Krueger: Missing the old harvests, but only sometimes
Ah, harvest! Every year at this time takes this aging old farm boy back many, many decades to harvest on the K-farm.
Since threshing machines were very expensive back then, usually there were one or two farmers in the community who owned a rig and went to their neighbors with their machines to custom thresh for them.
There were usually five or six bundle racks with a team of horses and an operator. Plus there was a spike pitcher who roamed the fields, helping each bundle hauler load up his load of grain bundles. Each rack operator had to keep his turn at the threshing machine and was admonished if he lost his turn to unload at the machine. There was usually a rack on each side of the machine, and an extra hand in each rack helping to pitch the bundles into the hungry threshing machine.
The owner of the machine was usually the boss of the entire operation. He was responsible for the smooth operation of the entire threshing process.
The grain handling was where the youth of the farm came in. I suppose I was only 7 or 8 when I began to move the grain in the receiver wagon to keep it level in all corners. The grain was weighed before it was dumped into a hopper and came down a chute into the wagon. If the grain was thick and heavy and the bundles were thrown quickly into the machine, it was hard for a young lad to keep up with the shoveling. Of course in those days no one ever heard of aluminum scoop shovels, and it seemed as though those old iron scoop shovels weighed a ton without being full of grain.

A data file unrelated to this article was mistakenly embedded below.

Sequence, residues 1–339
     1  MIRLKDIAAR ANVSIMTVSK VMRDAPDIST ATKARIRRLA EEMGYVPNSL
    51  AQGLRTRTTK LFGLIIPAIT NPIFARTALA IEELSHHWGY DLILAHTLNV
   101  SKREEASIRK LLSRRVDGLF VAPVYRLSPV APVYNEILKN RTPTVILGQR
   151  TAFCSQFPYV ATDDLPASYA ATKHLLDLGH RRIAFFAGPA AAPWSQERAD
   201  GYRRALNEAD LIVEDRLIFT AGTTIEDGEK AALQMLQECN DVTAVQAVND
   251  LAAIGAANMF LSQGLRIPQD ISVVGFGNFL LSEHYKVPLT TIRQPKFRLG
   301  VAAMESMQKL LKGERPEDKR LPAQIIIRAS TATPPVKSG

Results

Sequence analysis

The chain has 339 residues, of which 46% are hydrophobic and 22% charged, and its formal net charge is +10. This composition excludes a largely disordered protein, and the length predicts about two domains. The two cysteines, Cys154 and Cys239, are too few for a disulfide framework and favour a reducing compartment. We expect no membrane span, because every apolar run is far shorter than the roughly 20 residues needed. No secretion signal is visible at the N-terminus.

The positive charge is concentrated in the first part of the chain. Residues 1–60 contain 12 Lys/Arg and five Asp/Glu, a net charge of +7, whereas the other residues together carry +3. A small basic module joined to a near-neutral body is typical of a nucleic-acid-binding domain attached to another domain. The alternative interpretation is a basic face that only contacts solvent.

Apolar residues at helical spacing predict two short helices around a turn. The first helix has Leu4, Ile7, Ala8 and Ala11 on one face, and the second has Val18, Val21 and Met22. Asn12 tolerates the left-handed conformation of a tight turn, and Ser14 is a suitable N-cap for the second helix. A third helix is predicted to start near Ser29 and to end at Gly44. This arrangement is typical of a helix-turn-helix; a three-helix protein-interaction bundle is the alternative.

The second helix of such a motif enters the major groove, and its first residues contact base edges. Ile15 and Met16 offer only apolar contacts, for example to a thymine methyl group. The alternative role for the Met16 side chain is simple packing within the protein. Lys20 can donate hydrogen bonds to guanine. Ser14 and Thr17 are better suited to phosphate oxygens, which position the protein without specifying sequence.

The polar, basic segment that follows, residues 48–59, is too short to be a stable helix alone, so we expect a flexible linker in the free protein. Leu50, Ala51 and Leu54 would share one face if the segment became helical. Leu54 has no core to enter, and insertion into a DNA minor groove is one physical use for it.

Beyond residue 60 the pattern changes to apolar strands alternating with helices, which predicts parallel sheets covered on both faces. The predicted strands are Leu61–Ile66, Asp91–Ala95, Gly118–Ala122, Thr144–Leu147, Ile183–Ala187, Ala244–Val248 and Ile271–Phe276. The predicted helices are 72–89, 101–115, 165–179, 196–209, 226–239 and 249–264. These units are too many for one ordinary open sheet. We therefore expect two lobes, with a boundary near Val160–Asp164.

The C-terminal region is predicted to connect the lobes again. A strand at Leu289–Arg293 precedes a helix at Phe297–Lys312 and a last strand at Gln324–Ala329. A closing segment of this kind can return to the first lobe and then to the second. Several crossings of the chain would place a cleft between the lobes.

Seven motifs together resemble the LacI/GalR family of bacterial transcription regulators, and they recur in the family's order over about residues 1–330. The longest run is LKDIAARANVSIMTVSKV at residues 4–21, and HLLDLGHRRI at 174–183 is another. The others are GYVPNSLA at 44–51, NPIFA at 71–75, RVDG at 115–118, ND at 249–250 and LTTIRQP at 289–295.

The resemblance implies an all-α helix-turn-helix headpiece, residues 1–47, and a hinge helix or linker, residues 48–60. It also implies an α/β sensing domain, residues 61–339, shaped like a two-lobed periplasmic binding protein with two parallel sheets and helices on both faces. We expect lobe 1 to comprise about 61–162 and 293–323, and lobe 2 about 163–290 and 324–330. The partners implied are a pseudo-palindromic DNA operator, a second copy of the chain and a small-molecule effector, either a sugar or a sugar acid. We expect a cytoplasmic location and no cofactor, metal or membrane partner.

Loading the grain from the machine was just one chore because back in those days there were no grain augers. Some farms had a conveyor device that was always broke down when you had to be back to the machine very soon. So, most of the time it was the Armstrong method that unloaded the grain trailers.
With those heavy old steel shovels it was great exercise, but very tiring. Drudgery was everywhere. My childhood friend Dwayne and I would take turns. Each one would shovel 10 scoopfuls and then the other would shovel 10 until the trailer box was empty. Of course most of the time the bin we put the grain in had a high, high wall and the grain always had to be thrown over the top of the bin. Sometimes, if we really hurried, we could take a quick dip in Dwayne’s creek before taking the trailer back to the threshing machine.
The women of the operation always brought to the field a morning lunch and an afternoon lunch. The evening meal was always well attended by some very hungry threshers. These women were the unsung heroes of the threshing operation. There was always a dozen or more hungry men who devoured vast amounts of food every evening. Could you blame them for a huge appetite? Putting in a 15-hour day in the hot sun with no breeze was an enduring chore for sure. It was always a challenge to hire enough bundle haulers to compliment the crew. More than once I recall Pa going to the jails to hire bundle haulers and bundle pitchers.
Always fun to look back — but never wanting to go back?
Gerald “Jerry” Krueger is a retired educator, coach, commercial pilot and farmer.